Whether you are a CEO or in the PTO, chances are that at some time or another, either by choice or by mandate, you will be tasked with a writing assignment.
A WRITING ASSIGNMENT?!?!
Yes, a writing assignment. (It’s okay. Breathe.)
Look, we live in a time, an age, and a culture that is dominated by social media, and social media is dominated by posting, blogging, emailing, texting, tweeting, retweeting… in other words, words. That means for you to create “killer content” – and that is the marketing brass ring, at least for now – you are going to have to write. I know, for many of you compulsory writing evokes dreaded memories of blue essay pamphlets, red editorial comments, and a taunting landscape of white paper refusing to be occupied. But remember, you have already overcome your high school self, and I assure you that likewise, you can overcome your uncertainty of having anything worth saying, your fear of having the ability to say it well, or both.
“How can you be so sure?” (That’s your line. Hence, the quotation marks.)
Because if you are a CEO or in a PTO, then you can talk, and if you can talk then you can write. (Disclaimer: The truth is that writing is like talking… but not. To start, it is helpful to focus on the ways in which they are alike. In later posts, as we peel away the proverbial layers of our writing onion, we can focus more on the ways in which they differ.) In fact, you communicate verbally with success and ease all the time, don’t you? So the question isn’t, “Can I communicate effectively?” (You can!) The question really is, “Why is it that I struggle to communicate effectively when assigned to do so?” And the answer, at least partially, is actually quite simple; it has to do with how strongly you believe what you are saying, how interested you are in the person(s) to whom you are saying it, and where your energy is focused while executing the task.
Invest in your message:
I believe the adage, “To have a friend, first you have to be a friend.” Well, the same basic idea applies to writing: To convince a reader that what you are saying is true – and, more importantly, that it matters – you must first believe it yourself. Of course, that can be a challenge. (Remember those indignant high school proclamations? “I don’t care how a bill becomes a law.” “I don’t want to compare and contrast these novels.” “I can’t describe the various functions of the circulatory system!”) But indifference towards your subject matter not only produces poor results, it makes the writing itself a bore, a chore, and a snore. So find a way in. Regardless of the topic, approach it from a viewpoint that is truthful, specific, and yours. Determine what thoughts, insights, beliefs, or even gripes you have related to your position, company, or field that can inform your message. Consider how your personal values can help shape a unique take on your topic. Ponder your interests – even seemingly unrelated ones – to see how they can provide an engaging lens through which to discuss the material.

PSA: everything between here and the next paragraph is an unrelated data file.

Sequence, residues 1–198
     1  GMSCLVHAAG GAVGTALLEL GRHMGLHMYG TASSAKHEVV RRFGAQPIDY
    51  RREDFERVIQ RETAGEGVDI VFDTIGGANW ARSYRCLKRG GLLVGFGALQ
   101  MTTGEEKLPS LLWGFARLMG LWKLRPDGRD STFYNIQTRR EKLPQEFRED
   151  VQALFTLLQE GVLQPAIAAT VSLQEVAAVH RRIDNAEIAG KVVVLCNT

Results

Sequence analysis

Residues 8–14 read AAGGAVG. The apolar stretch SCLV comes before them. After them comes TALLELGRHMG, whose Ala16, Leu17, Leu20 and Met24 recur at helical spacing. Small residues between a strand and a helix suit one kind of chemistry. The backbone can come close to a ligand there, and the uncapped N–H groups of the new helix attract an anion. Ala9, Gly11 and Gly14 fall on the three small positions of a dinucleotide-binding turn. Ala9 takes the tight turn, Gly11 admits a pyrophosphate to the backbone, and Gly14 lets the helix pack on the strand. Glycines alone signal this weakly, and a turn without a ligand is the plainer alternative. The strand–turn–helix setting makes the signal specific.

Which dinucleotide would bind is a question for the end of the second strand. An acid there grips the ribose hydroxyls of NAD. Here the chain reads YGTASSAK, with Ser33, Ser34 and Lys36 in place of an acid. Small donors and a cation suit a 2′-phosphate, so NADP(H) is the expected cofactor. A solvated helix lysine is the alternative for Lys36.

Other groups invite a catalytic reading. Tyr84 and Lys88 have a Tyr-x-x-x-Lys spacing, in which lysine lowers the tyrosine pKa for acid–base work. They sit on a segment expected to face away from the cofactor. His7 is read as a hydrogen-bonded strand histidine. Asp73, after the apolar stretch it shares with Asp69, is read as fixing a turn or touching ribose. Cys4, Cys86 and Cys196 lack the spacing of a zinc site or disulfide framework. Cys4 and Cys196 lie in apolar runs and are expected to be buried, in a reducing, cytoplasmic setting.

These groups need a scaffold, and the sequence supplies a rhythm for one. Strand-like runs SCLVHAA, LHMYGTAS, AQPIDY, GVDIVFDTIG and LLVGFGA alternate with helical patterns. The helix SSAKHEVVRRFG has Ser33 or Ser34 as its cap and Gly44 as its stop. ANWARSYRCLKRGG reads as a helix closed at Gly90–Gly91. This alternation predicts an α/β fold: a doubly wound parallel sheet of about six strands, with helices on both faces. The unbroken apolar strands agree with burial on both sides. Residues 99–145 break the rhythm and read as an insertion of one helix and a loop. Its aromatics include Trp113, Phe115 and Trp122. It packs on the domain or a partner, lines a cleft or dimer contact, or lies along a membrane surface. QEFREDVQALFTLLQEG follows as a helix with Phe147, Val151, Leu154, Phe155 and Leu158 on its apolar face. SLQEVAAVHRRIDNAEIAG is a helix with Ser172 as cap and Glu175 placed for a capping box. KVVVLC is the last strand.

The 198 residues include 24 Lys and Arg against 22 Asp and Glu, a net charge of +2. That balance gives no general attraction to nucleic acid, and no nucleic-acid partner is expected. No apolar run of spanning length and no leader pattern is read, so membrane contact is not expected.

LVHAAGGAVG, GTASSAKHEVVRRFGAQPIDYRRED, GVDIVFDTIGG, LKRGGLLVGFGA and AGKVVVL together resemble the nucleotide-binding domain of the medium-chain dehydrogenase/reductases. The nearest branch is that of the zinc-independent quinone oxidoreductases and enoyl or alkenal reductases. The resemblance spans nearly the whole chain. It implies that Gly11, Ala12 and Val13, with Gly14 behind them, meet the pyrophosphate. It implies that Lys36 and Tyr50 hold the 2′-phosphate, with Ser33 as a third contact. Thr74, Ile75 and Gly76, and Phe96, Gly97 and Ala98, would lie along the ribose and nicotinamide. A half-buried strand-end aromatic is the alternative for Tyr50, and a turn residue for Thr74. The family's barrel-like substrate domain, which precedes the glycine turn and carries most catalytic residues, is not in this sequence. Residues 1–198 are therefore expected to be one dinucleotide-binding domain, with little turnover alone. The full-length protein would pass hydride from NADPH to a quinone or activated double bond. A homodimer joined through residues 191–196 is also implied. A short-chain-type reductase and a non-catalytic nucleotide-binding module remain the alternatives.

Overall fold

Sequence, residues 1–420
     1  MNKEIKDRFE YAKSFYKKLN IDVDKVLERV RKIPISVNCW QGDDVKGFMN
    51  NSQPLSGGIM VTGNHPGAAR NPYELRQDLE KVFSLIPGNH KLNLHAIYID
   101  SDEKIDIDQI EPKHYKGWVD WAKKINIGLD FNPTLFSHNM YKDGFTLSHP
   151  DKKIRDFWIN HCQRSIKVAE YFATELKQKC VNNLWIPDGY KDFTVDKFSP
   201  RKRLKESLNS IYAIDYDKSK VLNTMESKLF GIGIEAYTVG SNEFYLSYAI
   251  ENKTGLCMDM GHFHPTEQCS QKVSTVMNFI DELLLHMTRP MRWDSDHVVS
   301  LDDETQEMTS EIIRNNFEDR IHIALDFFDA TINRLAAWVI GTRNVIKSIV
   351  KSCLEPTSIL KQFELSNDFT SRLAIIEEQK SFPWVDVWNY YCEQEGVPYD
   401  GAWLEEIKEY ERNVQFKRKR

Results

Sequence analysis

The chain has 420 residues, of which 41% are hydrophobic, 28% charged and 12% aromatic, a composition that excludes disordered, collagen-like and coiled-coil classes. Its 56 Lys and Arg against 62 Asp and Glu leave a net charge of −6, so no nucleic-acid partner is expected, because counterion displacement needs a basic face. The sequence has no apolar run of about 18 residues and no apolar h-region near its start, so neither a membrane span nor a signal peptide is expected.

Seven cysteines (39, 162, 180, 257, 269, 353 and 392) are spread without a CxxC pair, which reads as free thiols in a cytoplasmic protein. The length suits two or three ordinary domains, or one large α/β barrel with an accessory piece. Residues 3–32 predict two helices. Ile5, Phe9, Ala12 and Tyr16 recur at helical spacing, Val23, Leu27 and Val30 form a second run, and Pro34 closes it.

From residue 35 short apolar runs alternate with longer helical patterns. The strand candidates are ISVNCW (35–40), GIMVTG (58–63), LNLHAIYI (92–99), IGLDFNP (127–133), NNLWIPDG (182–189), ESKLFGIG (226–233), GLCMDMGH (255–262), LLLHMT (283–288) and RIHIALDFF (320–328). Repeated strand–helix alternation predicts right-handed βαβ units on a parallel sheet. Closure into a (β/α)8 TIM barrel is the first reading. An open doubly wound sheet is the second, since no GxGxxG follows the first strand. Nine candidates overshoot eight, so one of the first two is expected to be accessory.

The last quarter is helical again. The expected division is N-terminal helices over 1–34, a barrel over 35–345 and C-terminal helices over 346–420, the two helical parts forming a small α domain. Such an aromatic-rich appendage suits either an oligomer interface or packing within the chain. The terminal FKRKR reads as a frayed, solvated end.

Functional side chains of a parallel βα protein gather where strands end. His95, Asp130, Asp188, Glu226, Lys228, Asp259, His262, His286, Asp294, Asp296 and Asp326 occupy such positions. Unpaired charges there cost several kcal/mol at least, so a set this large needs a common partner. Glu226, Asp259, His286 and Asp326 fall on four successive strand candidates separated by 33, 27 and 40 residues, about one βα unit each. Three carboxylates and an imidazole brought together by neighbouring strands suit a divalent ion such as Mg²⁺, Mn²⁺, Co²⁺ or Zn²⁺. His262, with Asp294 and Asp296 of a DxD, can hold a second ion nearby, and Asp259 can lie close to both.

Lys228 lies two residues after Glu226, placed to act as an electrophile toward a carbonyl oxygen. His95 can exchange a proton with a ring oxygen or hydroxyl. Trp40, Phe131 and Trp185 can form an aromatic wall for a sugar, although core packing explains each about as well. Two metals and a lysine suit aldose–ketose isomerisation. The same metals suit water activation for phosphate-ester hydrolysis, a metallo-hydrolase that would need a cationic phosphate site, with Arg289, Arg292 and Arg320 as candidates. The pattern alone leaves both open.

Know your audience:
Think about the variety of conversations you have in a given day, and then recognize this: the variety of those conversations is determined at least as much by the relationship you have with the person to whom you are speaking as it is by the topic of conversation itself. Instinctively, and as verbal communicators, we all know that, but as writers sometimes we forget. Yet, if you had a great first date with the new hottie in accounting, and then had to write about it, wouldn’t the story of that date read very differently depending on whether you were telling it to your pastor, your roommate, or the other hottie in accounting? Of course it would! Your word choice would vary from person to person, as would your inclusion (or not) of details; the length of the tale; and the descriptiveness, playfulness and tone you would employ. So before you tell your story, determine to whom you are speaking, and then make clear, specific, and purposeful, choices based on whom that audience is.
Focus your energy:
At some point you have probably seen – or perhaps been! – a public speaker hindered or overcome by nerves. “I hate speaking in public. I get so self-conscious,” the speaker might bemoan afterwards, and we understand. It is true for writers as well. But while you may feel self-conscious because you are nervous, I assure you that you are also nervous because you are self-conscious; it’s what the I-really-don’t-want-to-look/sound-stupid-in-front-of-the-class morphed into as you got older and left the old high school you behind. So while this is simple, which is not to say “easy,” adhere to this precept: If you have something to say, make sure as you say it to keep your energy focused on your message and your audience. Care about them! Make them important! I cannot count the times I have asked a student, “To whom are you speaking and toward what end?” But I have asked it countless times because that is THE question, and if you are not focused on that or cannot answer that or care more to worry about how you are coming across than that, then stop writing, take a break, and begin again when your energy is redirected.
So there you have 3 beginning steps. Add to them this: Believe that you can write, because you can, and stop confirming that you cannot. Writing is not difficult; it is just time consuming. Accept that before you begin. Then find a message you care to tell, decide to whom it should be told, and commit to the task of telling it as well, as authentically, and as honestly as you can, regardless of the effort it requires. In short order your feelings about writing may completely change, even if your feelings about your old high school English teacher do not.